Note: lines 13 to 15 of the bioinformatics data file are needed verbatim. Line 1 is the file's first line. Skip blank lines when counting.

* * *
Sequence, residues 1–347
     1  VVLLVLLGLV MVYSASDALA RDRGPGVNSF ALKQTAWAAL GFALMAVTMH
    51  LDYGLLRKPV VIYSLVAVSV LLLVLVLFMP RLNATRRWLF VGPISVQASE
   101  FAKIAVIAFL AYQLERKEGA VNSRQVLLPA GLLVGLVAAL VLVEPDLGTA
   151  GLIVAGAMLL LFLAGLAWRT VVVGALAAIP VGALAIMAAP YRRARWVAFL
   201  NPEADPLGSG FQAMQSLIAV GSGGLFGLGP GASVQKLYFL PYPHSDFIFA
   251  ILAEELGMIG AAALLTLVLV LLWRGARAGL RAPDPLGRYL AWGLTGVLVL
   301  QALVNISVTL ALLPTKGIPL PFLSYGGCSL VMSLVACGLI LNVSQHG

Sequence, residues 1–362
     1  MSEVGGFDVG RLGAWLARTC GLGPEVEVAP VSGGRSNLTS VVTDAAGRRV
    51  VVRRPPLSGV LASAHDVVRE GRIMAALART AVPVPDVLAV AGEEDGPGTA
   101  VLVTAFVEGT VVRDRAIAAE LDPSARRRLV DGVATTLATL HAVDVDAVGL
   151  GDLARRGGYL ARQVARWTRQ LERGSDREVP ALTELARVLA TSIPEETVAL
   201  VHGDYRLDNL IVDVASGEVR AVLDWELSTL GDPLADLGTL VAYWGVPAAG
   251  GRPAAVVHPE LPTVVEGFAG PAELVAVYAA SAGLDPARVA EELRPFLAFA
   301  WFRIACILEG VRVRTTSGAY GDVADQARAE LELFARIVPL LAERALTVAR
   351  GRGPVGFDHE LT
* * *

   151  GDLARRGGYL ARQVARWTRQ LERGSDREVP ALTELARVLA TSIPEETVAL
   201  VHGDYRLDNL IVDVASGEVR AVLDWELSTL GDPLADLGTL VAYWGVPAAG
   251  GRPAAVVHPE LPTVVEGFAG PAELVAVYAA SAGLDPARVA EELRPFLAFA